Recap: To sum up, the ways to fix a too-tight bind-off are:

  • Tension your yarn better
  • Get control of your stitches
  • Slide them down the needle
  • Try a bigger needle, and
  • Pick a stretchier bind-off.

This Tip Is Part Of "I Love Bind-Offs" -- Available Now!

I Love Bind-Offs Ebook Cover

Rated 5 Stars on About.com! Learn More

Related Posts:

Trying just a few of these tips will go a long way towards improving your bind-offs. If they don't, post in the comments and let me know! I'll try to help figure out what's going on.

Related Post: If you're knitting or binding off too tight, you might have sore hands and forearms. Check out my Top 5 Stretches for Knitting Pain and Stiffness - the most popular blog post on KnitFreedom, 2 years running.

Leave A Comment

If you liked this tutorial on how to fix a too tight-bind off, post in the comments!

35 thoughts on “5 Ways to Fix A Too-Tight Bind-Off”

  1. Blast and darn. I did it again. And, this time, I have no more of this yarn left with which to “dress” the absurdly-tight finish. A whole inch or more narrower. Well, just goes to show me, (again), I should not have tried so hard to use every inch of that skein of yarn – which I have no idea where I bought it. I could crochet in a cover-up, I suppose, but blast and darn it.

    Great instructions here. Too bad I didn’t take a break and read it before I did it again.

  2. Liat-

    Have you ever considered showing how to UNDO a too tight bind off? I used your invisible stretchy bind off on a sock but must have pulled the bind off too tight because I can’t get the sock over my heel. I used expensive yarn and don’t want to just toss the orphan aside….

  3. I love, love, love all of the information in your posts! I have been knitting for many years and look forward to learning your techniques … This makes me a better knitter. Thank you so much for sharing your knowledge!

  4. Bernadette Lozada

    Good job .Your tutorials are very helpful. I tell all my knitting friends about you. Look forward to getting your book.

  5. Thank you, great review for me. Now I need to review binding off ribbing for a top down hat. Is it knit the knits and purl the purls? Thank you, Liat.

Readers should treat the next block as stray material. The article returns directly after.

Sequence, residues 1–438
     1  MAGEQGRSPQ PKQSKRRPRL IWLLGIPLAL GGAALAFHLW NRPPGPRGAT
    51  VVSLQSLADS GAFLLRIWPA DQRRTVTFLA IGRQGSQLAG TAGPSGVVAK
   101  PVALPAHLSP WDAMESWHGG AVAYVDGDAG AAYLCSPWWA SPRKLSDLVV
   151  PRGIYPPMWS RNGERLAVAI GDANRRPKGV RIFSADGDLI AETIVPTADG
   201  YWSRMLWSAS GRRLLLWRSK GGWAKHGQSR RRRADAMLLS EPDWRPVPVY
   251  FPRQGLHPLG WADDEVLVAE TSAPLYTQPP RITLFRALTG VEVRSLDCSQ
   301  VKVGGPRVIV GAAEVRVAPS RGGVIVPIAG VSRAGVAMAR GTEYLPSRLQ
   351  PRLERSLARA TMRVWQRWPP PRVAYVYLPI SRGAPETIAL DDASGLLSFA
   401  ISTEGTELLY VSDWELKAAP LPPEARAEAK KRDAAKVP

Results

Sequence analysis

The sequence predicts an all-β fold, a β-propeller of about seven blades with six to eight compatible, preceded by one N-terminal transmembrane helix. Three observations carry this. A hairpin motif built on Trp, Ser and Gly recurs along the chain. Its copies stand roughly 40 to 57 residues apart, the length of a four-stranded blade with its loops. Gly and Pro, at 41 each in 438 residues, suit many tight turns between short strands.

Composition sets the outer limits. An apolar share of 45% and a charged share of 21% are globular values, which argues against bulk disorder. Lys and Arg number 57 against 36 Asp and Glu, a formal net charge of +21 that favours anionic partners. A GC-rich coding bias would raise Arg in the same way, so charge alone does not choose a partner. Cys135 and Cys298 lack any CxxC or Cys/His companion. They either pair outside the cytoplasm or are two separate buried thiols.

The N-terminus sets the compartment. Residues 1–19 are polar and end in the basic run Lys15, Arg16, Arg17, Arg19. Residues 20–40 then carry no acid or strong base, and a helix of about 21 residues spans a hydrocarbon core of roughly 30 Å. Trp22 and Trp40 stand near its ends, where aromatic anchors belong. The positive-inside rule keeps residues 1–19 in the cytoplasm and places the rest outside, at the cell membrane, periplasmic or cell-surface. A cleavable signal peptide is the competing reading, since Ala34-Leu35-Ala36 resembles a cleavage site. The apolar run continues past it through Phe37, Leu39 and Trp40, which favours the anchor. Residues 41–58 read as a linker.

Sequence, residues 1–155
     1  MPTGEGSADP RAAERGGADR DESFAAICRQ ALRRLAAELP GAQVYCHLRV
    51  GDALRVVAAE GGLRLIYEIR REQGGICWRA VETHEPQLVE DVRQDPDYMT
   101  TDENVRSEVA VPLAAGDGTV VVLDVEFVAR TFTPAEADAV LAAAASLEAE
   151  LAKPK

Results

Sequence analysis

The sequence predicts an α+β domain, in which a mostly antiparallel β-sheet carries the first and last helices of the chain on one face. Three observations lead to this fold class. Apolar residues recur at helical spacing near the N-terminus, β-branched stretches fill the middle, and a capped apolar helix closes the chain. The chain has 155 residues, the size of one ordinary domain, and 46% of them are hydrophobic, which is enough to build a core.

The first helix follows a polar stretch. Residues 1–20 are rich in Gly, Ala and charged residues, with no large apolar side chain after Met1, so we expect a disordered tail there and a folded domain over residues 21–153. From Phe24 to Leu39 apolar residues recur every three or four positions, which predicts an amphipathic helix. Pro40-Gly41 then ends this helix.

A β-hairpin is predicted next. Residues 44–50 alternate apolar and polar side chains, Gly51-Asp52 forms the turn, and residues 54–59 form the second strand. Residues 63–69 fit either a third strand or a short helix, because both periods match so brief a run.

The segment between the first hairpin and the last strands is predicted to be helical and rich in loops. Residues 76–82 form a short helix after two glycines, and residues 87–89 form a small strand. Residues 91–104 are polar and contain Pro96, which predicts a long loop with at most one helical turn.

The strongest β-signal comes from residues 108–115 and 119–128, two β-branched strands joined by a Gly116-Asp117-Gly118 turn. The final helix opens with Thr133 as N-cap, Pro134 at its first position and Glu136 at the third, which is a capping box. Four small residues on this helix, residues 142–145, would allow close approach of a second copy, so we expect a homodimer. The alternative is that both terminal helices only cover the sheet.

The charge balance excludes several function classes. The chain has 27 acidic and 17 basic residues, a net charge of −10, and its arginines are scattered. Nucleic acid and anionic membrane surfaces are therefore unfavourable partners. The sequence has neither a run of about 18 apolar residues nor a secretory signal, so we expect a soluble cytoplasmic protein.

1. Hi Joanie,

      It’s a little more complicated than that. To bind off on ribbing, you’ll need to do more than knit the knits and purl the purls. You’ll want to do an actual stretchy bind-off like Jeny’s Surprisingly Stretchy Bind-Off.

      In my upcoming e-book, I Love Bind-Offs I will teach you 12 different stretchy bind-offs you can use on ribbing. Just make sure to check your email on Saturday the 8th when the ebook becomes available! I will be sending out a big discount to all newsletter subscribers.

  6. I really liked the format of the pictures in this lesson. The commentary on the left side complimented the GOOD & BAD comments on the images. Very helpful!

  7. Your tutorials are wonderful and I have already recommended them to my knitterfriends, however, they are not all are computer-savvy and would be much more likely to use a hard copy. I look forward to more info there. Meanwhile, thanks so much for the help with a perennial problem of mine!

Leave a Comment

Your email address will not be published. Required fields are marked *

The maximum upload file size: 12 MB.
You can upload: image.
Links to YouTube, Facebook, Twitter and other services inserted in the comment text will be automatically embedded.

Scroll to Top